The families of the ten miners trapped underground in Mexico since early August have rejected a new rescue strategy proposed by the government, Mexico’s president Andrés Manuel López Obrador said on Friday.
The proposal, which entailed tunneling underground, was rejected on the basis of how time-consuming it would be, Lopez Obrador said.
The El Pinabete mine in Coahuila, Mexico, collapsed on August 3. Rescuers were able to extract five people, but ten remain trapped in shafts that have been flooded.
There have been no known signs of life or contact with the missing miners since then.
Obrador said that he wanted the victims’ families to be involved in the rescue strategy, as decisions arose more than three weeks into the saga. “I instructed (rescuers) to inform the families, and… they disagreed. It’s not that they don’t want them to rescue their relatives; it seems like a long time to them,” Lopez Obrador said Friday.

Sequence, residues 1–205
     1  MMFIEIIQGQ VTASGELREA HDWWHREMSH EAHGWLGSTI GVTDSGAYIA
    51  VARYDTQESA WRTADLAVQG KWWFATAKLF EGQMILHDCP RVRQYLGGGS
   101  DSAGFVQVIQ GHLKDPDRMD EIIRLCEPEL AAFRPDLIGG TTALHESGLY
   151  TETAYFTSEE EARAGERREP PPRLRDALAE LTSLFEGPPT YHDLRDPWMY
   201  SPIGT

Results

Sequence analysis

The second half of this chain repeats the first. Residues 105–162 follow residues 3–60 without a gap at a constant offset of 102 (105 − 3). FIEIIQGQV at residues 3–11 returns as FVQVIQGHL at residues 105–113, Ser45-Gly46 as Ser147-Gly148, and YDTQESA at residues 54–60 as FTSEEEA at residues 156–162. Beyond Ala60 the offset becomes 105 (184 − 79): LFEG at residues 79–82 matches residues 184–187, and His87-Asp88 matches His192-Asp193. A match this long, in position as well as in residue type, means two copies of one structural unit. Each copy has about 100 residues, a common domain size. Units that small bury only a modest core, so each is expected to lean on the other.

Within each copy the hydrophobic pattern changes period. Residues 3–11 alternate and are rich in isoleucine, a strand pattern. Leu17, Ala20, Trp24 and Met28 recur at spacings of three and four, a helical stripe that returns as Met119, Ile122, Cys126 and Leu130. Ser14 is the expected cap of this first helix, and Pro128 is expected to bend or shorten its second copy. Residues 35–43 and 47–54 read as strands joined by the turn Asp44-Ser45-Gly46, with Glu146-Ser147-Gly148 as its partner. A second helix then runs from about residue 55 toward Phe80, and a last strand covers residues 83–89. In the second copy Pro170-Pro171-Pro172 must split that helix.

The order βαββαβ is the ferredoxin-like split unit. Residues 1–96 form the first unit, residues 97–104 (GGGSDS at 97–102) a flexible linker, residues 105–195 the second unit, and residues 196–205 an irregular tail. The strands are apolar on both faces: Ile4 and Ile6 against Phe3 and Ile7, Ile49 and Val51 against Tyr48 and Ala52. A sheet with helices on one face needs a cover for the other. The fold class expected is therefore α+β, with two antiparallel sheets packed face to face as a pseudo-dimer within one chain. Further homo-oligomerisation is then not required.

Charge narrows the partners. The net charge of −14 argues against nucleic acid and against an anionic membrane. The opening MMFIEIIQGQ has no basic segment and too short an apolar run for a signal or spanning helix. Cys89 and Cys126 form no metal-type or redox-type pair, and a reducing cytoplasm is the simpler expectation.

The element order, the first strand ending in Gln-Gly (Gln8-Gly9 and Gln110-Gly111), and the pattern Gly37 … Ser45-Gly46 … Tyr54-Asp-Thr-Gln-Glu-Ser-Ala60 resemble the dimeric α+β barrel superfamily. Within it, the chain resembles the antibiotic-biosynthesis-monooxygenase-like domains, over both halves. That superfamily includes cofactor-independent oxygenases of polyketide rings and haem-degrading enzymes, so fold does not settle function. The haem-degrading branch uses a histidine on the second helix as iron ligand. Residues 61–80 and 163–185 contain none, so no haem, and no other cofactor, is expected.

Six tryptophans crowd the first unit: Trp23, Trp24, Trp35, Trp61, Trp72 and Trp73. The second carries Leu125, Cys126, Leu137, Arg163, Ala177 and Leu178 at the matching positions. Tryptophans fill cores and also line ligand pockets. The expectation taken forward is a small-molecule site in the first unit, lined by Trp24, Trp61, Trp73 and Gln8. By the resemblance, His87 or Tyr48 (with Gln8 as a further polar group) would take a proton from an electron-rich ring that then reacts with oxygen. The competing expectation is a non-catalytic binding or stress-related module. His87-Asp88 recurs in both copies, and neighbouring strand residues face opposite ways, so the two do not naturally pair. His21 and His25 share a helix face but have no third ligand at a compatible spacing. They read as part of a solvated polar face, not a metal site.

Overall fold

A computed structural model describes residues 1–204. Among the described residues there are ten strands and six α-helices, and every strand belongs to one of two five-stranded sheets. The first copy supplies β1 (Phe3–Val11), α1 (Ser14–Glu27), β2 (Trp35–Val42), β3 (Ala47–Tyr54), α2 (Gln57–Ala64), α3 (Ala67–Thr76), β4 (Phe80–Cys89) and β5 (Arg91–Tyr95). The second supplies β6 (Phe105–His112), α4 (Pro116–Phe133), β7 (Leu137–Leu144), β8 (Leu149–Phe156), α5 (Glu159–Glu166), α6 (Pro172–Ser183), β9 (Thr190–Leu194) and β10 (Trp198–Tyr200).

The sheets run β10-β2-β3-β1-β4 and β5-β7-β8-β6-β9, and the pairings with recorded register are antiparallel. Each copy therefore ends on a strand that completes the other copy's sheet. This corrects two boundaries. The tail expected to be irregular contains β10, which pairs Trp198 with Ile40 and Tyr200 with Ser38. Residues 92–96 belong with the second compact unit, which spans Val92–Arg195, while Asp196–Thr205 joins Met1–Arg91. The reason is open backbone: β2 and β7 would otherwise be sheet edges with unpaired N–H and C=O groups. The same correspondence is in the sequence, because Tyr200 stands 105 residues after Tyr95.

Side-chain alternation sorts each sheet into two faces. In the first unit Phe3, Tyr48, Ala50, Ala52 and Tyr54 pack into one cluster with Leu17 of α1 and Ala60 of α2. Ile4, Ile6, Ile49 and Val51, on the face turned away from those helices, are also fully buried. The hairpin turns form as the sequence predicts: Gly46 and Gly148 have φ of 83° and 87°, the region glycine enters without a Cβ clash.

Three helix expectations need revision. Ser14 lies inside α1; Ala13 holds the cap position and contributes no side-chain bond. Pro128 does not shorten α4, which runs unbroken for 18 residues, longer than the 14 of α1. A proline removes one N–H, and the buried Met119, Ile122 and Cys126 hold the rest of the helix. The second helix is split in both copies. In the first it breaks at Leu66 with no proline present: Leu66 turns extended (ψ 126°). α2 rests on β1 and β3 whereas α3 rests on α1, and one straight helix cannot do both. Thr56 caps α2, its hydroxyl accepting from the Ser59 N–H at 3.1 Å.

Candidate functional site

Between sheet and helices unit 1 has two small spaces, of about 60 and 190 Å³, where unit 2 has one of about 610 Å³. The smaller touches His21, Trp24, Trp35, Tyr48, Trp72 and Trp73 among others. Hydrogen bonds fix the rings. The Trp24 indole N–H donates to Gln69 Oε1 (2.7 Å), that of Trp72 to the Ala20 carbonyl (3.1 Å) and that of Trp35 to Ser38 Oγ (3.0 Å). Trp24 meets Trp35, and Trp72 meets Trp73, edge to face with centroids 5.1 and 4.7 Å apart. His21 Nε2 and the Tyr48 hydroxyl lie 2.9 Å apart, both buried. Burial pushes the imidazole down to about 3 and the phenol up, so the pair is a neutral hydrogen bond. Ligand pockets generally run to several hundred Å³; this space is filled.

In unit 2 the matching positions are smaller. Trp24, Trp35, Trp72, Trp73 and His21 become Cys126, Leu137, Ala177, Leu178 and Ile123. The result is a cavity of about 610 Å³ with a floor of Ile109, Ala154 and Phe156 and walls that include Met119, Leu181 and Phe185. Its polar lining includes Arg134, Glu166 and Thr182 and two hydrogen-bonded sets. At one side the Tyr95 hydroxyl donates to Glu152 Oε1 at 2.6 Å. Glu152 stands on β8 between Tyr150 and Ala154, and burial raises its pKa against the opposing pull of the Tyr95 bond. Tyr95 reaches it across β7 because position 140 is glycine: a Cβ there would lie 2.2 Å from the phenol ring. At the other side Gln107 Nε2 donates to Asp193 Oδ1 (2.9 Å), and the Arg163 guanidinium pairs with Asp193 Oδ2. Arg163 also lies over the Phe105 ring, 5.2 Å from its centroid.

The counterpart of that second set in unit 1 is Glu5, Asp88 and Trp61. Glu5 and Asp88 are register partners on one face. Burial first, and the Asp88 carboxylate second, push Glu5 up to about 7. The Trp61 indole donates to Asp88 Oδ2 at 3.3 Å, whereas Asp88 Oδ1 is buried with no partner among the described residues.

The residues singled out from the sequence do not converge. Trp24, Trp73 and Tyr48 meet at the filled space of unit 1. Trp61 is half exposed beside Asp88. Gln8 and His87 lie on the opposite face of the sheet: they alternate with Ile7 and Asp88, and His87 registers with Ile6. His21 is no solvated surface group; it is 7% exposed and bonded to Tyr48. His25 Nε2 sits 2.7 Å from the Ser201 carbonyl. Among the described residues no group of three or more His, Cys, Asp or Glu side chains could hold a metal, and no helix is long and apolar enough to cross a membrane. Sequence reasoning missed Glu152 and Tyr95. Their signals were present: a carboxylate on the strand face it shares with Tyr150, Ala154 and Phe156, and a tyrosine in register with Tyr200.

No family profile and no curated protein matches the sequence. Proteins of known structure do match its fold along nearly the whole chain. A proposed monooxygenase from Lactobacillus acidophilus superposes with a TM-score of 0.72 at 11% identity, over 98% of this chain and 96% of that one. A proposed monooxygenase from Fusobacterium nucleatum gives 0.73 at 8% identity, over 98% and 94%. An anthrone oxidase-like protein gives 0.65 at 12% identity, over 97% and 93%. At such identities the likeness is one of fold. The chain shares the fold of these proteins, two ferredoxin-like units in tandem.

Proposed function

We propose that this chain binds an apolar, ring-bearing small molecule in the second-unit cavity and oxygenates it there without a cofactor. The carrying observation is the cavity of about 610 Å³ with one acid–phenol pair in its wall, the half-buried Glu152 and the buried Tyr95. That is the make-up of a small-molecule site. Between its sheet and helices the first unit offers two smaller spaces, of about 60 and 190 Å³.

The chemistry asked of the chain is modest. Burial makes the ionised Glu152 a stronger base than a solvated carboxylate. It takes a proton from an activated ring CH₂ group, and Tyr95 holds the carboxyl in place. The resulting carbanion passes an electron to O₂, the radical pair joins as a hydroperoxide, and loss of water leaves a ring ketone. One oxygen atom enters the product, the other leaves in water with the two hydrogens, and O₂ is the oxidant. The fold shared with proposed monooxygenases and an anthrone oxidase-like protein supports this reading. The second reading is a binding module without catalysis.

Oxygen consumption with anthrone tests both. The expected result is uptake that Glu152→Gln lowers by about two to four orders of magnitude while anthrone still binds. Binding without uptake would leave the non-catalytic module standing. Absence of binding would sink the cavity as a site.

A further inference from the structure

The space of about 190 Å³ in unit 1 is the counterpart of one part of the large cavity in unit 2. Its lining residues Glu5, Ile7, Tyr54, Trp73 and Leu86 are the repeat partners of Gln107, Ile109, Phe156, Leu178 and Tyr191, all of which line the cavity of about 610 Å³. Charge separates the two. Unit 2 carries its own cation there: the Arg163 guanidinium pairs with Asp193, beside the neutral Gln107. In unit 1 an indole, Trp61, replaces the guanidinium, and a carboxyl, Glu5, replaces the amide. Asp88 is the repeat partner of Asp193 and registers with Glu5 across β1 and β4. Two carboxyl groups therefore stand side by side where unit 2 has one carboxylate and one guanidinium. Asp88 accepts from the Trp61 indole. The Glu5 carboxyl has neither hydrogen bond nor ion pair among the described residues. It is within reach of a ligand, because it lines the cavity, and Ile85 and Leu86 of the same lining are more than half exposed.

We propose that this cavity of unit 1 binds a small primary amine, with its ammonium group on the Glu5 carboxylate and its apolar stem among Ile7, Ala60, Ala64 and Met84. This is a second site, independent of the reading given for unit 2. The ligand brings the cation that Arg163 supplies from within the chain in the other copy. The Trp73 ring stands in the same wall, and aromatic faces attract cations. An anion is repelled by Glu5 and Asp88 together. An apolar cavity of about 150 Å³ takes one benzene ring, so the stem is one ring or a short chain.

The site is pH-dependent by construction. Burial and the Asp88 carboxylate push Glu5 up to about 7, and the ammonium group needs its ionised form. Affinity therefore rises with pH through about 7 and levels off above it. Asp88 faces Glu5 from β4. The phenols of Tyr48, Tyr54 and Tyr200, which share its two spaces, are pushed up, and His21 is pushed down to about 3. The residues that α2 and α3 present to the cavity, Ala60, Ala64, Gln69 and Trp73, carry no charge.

When asked if the families had been offered compensation by the government, Lopez Obrador didn’t deny the possibility of payment.
“Now the most important thing is the rescue. Of course, there is compensation, but that’s not the point,” he said.
Lopez Obrador added that efforts to save the miners and compensation to their families are both on the table. “We are looking for what option is best. And the instruction is that we don’t give up,” he said.
On Monday, Mexico’s coordinator for civil protection Laura Velazquez said the water depth in the mine’s multiple flooded shafts was high, measuring up to 31 meters (101 feet).
Responders’ efforts to drain the mine had helped decrease water levels overall – until a rupture in a neighboring mine sent water rushing back in.
“Unfortunately, we still haven’t been able to rescue the miners… progress was already being made, but the bad luck was that another hole was opened in the neighboring mine, which was flooded, and the water levels rose again,” Lopez Obrador said at the time.